Second, the gap between those two series explains the source of the error in the inflation forecasts of most of us, including this author. Those trends also explain why the forecasts for higher inflation, aside from that due to the collapse of the U.S. dollar's value, are likely, as in the broken clock's time, on track to be right. To date, the Federal Reserve has not had to monetize government debt in an excessive manner due to the foreign financing. That situation is trending toward a change.
The massive purchases of U.S. debt served to recycle dollars back into the U.S. economy. This action did not create new dollars, which would have pushed up U.S. inflation. These dollars were unfortunately redirected into the U.S. housing market. The purchasing power of those dollars, in terms of how much housing a dollar will buy, has plummeted. That action may not qualify under a pure definition of inflation, but the effect is the same.
As the dollar recycling was so intense, the Federal Reserve's purchases of U.S. debt were not great enough to increase U.S. inflation, especially the government's phony number. Their creation of base money was moderated by the dollar recycling by central banks. The gap between those two series is a measure of monetary pressure on the U.S. inflation rate. That gap is portrayed in the third graph. Being somewhat naive, an assumption is made that the artificial calculations of the U.S. CPI will not continue to overcome reality.
The data plotted in the third graph is the year-to-year percentage change in Federal Reserve holdings of U.S. debt minus the like number for foreign central banks. When negative, foreign central banks are acquiring U.S. debt at a far faster rate than the Federal Reserve. This recycling of, rather than creation of new dollars, does not have a direct impact on the overall general level of inflation. Yes, the focus of those dollars into housing debt has created a price bubble in that market. When the gap is positive, the inflationary potential will be greater as the Federal Reserve will be financing the U.S. government.
As this gap, portrayed by the line of squares in the graph, moves into positive territory, the pressure on U.S. inflation will be in an upward direction. That development, combined with higher oil prices and the collapsing global purchasing power of the U.S. dollar, may make the pricing environment far different than financial markets currently expect. The purchasing power of the U.S. dollars is about to enter a dramatic bear market, and she is going to demonstrate a particularly nasty disposition.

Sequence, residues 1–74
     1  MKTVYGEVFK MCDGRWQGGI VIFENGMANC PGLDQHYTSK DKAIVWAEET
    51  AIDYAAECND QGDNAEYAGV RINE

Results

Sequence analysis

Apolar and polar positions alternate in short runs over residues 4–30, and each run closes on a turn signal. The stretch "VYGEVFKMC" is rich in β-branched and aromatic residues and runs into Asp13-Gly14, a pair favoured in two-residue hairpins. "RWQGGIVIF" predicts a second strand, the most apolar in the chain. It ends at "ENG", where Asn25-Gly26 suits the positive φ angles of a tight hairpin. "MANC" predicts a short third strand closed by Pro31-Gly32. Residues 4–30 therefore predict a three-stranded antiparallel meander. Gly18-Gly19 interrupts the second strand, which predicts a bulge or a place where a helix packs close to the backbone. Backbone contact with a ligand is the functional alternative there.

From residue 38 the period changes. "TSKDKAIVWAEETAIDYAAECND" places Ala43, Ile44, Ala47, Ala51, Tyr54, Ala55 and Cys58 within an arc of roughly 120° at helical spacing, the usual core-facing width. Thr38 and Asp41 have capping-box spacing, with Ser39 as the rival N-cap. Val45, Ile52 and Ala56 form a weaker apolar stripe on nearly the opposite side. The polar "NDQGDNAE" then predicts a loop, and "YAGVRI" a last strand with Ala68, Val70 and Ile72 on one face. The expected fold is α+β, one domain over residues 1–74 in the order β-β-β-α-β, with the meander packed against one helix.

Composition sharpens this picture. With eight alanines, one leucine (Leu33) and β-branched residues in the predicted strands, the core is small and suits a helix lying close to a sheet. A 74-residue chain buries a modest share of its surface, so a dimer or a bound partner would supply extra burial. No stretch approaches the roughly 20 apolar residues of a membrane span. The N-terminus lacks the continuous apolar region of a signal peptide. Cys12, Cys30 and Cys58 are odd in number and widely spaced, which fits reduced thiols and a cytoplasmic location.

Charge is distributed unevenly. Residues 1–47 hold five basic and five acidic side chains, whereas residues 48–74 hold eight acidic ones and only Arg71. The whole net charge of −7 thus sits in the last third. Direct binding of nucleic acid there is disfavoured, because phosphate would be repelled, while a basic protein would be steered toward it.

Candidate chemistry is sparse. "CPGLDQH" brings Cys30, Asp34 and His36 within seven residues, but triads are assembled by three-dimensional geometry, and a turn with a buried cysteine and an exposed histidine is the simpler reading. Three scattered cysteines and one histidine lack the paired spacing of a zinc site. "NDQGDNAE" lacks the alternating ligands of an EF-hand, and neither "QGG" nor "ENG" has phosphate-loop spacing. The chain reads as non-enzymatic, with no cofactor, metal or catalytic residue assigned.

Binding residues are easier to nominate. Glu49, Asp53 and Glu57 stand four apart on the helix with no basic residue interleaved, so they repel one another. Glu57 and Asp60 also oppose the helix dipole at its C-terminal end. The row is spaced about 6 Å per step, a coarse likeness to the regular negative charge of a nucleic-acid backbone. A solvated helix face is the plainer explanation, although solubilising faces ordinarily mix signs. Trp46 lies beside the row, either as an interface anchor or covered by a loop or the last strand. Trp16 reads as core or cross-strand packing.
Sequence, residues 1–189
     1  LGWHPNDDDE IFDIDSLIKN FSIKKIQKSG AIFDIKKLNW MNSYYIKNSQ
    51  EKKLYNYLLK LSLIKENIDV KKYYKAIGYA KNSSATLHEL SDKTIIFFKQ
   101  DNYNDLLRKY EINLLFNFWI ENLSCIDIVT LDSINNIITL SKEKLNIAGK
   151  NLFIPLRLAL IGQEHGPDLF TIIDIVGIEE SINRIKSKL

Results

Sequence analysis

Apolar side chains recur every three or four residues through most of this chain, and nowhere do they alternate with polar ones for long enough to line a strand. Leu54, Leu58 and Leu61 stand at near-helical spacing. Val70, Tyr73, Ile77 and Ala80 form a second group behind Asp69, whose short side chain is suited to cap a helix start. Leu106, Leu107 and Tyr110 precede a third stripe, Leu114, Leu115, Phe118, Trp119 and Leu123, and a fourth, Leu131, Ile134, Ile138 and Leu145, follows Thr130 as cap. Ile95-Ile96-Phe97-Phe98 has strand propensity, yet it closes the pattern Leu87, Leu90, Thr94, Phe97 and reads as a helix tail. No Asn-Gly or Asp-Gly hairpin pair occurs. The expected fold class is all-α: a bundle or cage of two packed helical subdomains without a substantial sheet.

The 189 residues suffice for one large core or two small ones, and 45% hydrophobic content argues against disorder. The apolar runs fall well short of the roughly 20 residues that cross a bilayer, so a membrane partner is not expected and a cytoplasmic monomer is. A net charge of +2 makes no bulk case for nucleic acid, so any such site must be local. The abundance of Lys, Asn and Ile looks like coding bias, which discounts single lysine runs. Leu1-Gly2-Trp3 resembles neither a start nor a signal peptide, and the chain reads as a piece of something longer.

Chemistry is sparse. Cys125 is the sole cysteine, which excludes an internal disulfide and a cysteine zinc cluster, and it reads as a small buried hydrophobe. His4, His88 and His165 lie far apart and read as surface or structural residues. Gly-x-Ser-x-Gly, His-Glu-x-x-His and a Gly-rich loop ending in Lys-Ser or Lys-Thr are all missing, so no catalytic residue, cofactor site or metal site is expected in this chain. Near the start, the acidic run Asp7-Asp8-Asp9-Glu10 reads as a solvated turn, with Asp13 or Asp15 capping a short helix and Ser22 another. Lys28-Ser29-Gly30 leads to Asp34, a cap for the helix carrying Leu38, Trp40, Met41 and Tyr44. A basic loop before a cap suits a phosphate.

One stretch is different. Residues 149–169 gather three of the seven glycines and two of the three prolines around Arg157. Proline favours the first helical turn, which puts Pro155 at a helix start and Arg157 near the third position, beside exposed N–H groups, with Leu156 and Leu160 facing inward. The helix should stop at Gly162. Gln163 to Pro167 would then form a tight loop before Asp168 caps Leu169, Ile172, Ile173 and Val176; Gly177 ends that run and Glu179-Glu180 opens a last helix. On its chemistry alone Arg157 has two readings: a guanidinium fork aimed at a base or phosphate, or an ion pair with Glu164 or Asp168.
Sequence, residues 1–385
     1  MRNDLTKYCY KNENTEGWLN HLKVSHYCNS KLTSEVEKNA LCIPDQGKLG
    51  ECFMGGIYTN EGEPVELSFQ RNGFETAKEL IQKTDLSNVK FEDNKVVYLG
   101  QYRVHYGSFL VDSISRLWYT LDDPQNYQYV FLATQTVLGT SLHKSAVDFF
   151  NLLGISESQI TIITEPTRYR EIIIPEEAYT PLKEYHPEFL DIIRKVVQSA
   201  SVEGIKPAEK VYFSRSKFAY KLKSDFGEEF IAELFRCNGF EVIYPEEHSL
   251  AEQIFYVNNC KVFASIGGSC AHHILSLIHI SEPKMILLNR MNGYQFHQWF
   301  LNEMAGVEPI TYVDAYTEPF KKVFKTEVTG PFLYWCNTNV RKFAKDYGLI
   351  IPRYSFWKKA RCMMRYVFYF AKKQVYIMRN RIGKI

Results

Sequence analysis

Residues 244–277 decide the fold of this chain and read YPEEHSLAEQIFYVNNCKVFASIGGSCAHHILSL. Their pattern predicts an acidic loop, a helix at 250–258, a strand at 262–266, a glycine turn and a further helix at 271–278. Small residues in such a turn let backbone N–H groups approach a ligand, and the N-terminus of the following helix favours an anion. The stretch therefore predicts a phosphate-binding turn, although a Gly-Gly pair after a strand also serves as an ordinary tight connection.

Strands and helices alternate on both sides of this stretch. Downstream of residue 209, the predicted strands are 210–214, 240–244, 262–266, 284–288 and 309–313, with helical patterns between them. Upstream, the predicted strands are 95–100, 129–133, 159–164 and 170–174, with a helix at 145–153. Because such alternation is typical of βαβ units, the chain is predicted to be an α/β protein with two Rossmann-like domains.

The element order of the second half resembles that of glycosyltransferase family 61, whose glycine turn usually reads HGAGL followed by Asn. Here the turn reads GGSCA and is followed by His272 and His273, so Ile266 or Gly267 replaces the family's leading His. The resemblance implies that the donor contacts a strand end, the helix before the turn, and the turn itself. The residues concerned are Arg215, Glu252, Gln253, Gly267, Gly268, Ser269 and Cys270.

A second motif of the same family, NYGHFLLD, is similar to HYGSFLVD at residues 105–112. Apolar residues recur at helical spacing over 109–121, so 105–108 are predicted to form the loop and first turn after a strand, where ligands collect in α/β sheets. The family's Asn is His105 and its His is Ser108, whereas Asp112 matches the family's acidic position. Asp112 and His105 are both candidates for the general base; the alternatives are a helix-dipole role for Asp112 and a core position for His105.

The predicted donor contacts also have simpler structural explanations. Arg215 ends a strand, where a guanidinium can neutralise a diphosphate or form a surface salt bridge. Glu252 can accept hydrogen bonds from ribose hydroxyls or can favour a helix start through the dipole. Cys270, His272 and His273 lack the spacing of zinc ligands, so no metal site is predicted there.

Compounding the seriousness of this outlook is the lack of skills at the Federal Reserve. For about the last five years, the Federal Reserve has only used one tool, easy money. The Fed's response to every event has been to lower rates. Now that policy tool has lost its effectiveness. For example, lower interest rates will not increase oil supplies, pushing prices down. Easy money tool has been used too often, and is now doing nothing more than increasing the downside of the housing bubble.
One aspect not yet touched are the implications of this massive pile of dollars in the hands of foreign holders. Too many dollars exist in the world, and many in possession of those dollars do not particularly want them. Second, they may need to spend them. Oil is priced and traded in dollars. Surplus dollars are being used to bid the price of oil higher in dollars. Those dollars flowing to the oil producing regions are not flowing back and will not flow back into the U.S. How many copies of mortgage processing software does an oil nation need? Anyone receiving oil dollars is going to be buying goods that are produced by the same nations with which the U.S. is experiencing a trade deficit. They are not going to be buying U.S. produced goods as their consumers are not much different. They too would rather have a laptop, an iPod or a cell phone.
What is being created is a vast, swirling pool of dollars in the oil market with nothing to do but buy oil. Consider that graph of the trend in central bank holdings of U.S. debt. Oil prices are simply the mirror image of those holdings. The dollar is becoming useful for only two things, denominating U.S. debt and buying oil. On what else are they likely to be spent? What are the implications for the value of the dollar if its only use is to buy oil? As important as oil is to the world, consumers do not want an unlimited amount of it. What then happens if the dollar is not the only alternative for pricing oil?
The offense in this situation, which is the best defense, is to invest your wealth in assets that will rise in value relative to the dollar. Filling your basement with oil is one choice, though perhaps not an optimal one. Gold is another one, and makes for a far less messy basement. Chairman Greenspan's acknowledgment that housing prices might "simmer down" is a signal of the slow awakening in the world. That awakening is likely to spread, and the dollar will suffer. Owning Gold is perhaps the best option available in a bad situation. Silver, too, is a viable alternative that also should be considered by investors.
Gold, like any market, moves between attractive and unattractive price levels brought on by changes in investor emotions. Having recently broken out of the lateral pattern in which it has been trapped, Gold has confirmed the longer term positive trend. Gold, at the present, is now moving toward another over sold condition and a buy signal. As shown in the last graph, such conditions have been excellent opportunities for dollar-based investors to diversify into Gold. Your next investment choice is between a new, improved version of mortgage software or some Gold. Which is likely to be worth $1,300 first?
Greenspan, A.(2005,August 27). Closing remarks. Jackson Hole, Wyoming symposium on central banking sponsored by Federal Reserve Bank of Kansas City. Retrieved August 28, 2005 from http://www.federalreserve.gov/boarddocs/speeches/2005/200508272.html.